diff mbox series

[02/12] ceph: handle idmapped mounts in create_request_message()

Message ID 20220104140414.155198-3-brauner@kernel.org (mailing list archive)
State New, archived
Headers show
Series ceph: support idmapped mounts | expand

Commit Message

Christian Brauner Jan. 4, 2022, 2:04 p.m. UTC
From: Christian Brauner <christian.brauner@ubuntu.com>

Inode operations that create a new filesystem object such as ->mknod,
->create, ->mkdir() and others don't take a {g,u}id argument explicitly.
Instead the caller's fs{g,u}id is used for the {g,u}id of the new
filesystem object.

Cephfs mds creation request argument structures mirror this filesystem
behavior. They don't encode a {g,u}id explicitly. Instead the caller's
fs{g,u}id that is always sent as part of any mds request is used by the
servers to set the {g,u}id of the new filesystem object.

In order to ensure that the correct {g,u}id is used map the caller's
fs{g,u}id for creation requests. This doesn't require complex changes.
It suffices to pass in the relevant idmapping recorded in the request
message. If this request message was triggered from an inode operation
that creates filesystem objects it will have passed down the relevant
idmaping. If this is a request message that was triggered from an inode
operation that doens't need to take idmappings into account the initial
idmapping is passed down which is an identity mapping and thus is
guaranteed to leave the caller's fs{g,u}id unchanged.,u}id is sent.

The last few weeks before Christmas 2021 I have spent time not just
reading and poking the cephfs kernel code but also took a look at the
ceph mds server userspace to ensure I didn't miss some subtlety.

This made me aware of one complication to solve. All requests send the
caller's fs{g,u}id over the wire. The caller's fs{g,u}id matters for the
server in exactly two cases:

1. to set the ownership for creation requests
2. to determine whether this client is allowed access on this server

Case 1. we already covered and explained. Case 2. is only relevant for
servers where an explicit uid access restriction has been set. That is
to say the mds server restricts access to requests coming from a
specific uid. Servers without uid restrictions will grant access to
requests from any uid by setting MDS_AUTH_UID_ANY.

Case 2. introduces the complication because the caller's fs{g,u}id is
not just used to record ownership but also serves as the {g,u}id used
when checking access to the server.

Consider a user mounting a cephfs client and creating an idmapped mount
from it that maps files owned by uid 1000 to be owned uid 0:

mount -t cephfs -o [...] /unmapped
mount-idmapped --map-mount 1000:0:1 /idmapped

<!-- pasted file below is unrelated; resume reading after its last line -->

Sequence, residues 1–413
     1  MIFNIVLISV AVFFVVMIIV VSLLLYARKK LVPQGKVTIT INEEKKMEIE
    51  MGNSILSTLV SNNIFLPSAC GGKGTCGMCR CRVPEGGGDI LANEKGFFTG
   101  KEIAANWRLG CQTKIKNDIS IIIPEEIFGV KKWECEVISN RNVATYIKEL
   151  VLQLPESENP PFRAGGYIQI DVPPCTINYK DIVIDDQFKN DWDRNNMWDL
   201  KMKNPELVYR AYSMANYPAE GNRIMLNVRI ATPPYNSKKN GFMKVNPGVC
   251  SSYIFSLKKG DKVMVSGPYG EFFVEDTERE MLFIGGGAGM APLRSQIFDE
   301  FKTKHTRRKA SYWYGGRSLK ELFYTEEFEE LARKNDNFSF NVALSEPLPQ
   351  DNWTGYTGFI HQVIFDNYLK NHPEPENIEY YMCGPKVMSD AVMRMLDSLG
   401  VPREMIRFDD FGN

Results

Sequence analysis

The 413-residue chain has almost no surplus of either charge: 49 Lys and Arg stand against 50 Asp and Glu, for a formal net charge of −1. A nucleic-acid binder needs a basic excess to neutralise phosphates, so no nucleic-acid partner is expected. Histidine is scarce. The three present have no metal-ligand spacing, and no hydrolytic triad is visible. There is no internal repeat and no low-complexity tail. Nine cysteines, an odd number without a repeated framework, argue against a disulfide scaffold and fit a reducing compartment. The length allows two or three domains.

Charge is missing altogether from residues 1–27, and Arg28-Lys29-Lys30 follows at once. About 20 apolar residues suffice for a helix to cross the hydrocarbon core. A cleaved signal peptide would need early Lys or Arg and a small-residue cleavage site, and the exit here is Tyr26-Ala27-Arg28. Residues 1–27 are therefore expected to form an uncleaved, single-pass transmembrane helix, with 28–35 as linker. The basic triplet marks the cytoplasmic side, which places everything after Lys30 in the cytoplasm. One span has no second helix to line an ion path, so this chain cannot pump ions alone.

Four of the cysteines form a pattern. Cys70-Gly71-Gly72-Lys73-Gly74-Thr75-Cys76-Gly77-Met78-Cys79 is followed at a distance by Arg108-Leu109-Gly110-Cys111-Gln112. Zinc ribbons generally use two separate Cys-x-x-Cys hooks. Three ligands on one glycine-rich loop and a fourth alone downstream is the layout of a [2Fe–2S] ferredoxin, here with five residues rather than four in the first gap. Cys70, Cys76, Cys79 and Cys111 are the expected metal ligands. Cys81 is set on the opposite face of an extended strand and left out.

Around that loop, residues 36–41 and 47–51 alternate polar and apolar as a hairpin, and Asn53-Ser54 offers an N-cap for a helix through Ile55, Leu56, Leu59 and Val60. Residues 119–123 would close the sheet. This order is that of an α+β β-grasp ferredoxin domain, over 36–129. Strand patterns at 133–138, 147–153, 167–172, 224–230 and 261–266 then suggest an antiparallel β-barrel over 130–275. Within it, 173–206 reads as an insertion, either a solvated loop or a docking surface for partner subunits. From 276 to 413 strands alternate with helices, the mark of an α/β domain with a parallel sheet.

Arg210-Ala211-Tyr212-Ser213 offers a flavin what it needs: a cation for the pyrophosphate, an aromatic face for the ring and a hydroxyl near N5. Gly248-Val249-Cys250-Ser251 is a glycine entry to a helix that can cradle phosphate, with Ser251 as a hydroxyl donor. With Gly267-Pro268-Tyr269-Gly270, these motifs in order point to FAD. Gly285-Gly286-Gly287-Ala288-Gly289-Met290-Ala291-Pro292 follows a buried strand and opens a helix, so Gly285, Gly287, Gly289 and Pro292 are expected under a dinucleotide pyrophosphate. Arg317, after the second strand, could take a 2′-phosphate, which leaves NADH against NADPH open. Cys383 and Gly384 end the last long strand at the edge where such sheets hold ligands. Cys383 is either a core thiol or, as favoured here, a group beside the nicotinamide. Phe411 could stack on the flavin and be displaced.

That is to say if the mounted cephfs filesystem contains a file "file1"
which is owned by uid 1000:

- looking at it via /unmapped/file1 will report it as owned by uid 1000
  (One can think of this as the on-disk value.)
- looking at it via /idmapped/file1 will report it as owned by uid 0

Now, consider creating new files via the idmapped mount at /idmapped.
When a caller with fs{g,u}id 1000 creates a file "file2" by going
through the idmapped mount mounted at /idmapped it will create a file
that is owned by uid 1000 on-disk, i.e.:

- looking at it via /unmapped/file2 will report it as owned by uid 1000
- looking at it via /idmapped/file2 will report it as owned by uid 0

Now consider an mds server that has a uid access restriction set and
only grants access to requests from uid 0.

If the client sends a creation request for a file e.g. /idmapped/file2
it will send the caller's fs{g,u}id idmapped according to the idmapped
mount. So if the caller has fs{g,u}id 1000 it will be mapped to {g,u}id
0 in the idmapped mount and will be sent over the wire allowing the
caller access to the mds server.

However, if the caller is not issuing a creation request the caller's
fs{g,u}id will be send without the mount's idmapping applied. So if the
caller that just successfully created a new file on the restricted mds
server sends a request as fs{g,u}id 1000 access will be refused. This
however is inconsistent.

From my perspective the root of the problem lies in the fact that
creation requests implicitly infer the ownership from the {g,u}id that
gets sent along with every mds request.

I have thought of multiple ways of addressing this problem but the one I
prefer is to give all mds requests that create a filesystem object a
proper, separate {g,u}id field entry in the argument struct. This is,
for example how ->setattr mds requests work.

This way the caller's fs{g,u}id can be used consistenly for server
access checks and is separated from the ownership for new filesystem
objects.

Servers could then be updated to refuse creation requests whenever the
{g,u}id used for access checking doesn't match the {g,u}id used for
creating the filesystem object just as is done for setattr requests on a
uid restricted server. But I am, of course, open to other suggestions.

Cc: Jeff Layton <jlayton@kernel.org>
Cc: Ilya Dryomov <idryomov@gmail.com>
Cc: ceph-devel@vger.kernel.org
Signed-off-by: Christian Brauner <christian.brauner@ubuntu.com>
---
 fs/ceph/mds_client.c | 22 ++++++++++++++++++----
 1 file changed, 18 insertions(+), 4 deletions(-)

Comments

Jeff Layton Jan. 4, 2022, 5:40 p.m. UTC | #1
On Tue, 2022-01-04 at 15:04 +0100, Christian Brauner wrote:
> From: Christian Brauner <christian.brauner@ubuntu.com>
> 
> Inode operations that create a new filesystem object such as ->mknod,
> ->create, ->mkdir() and others don't take a {g,u}id argument explicitly.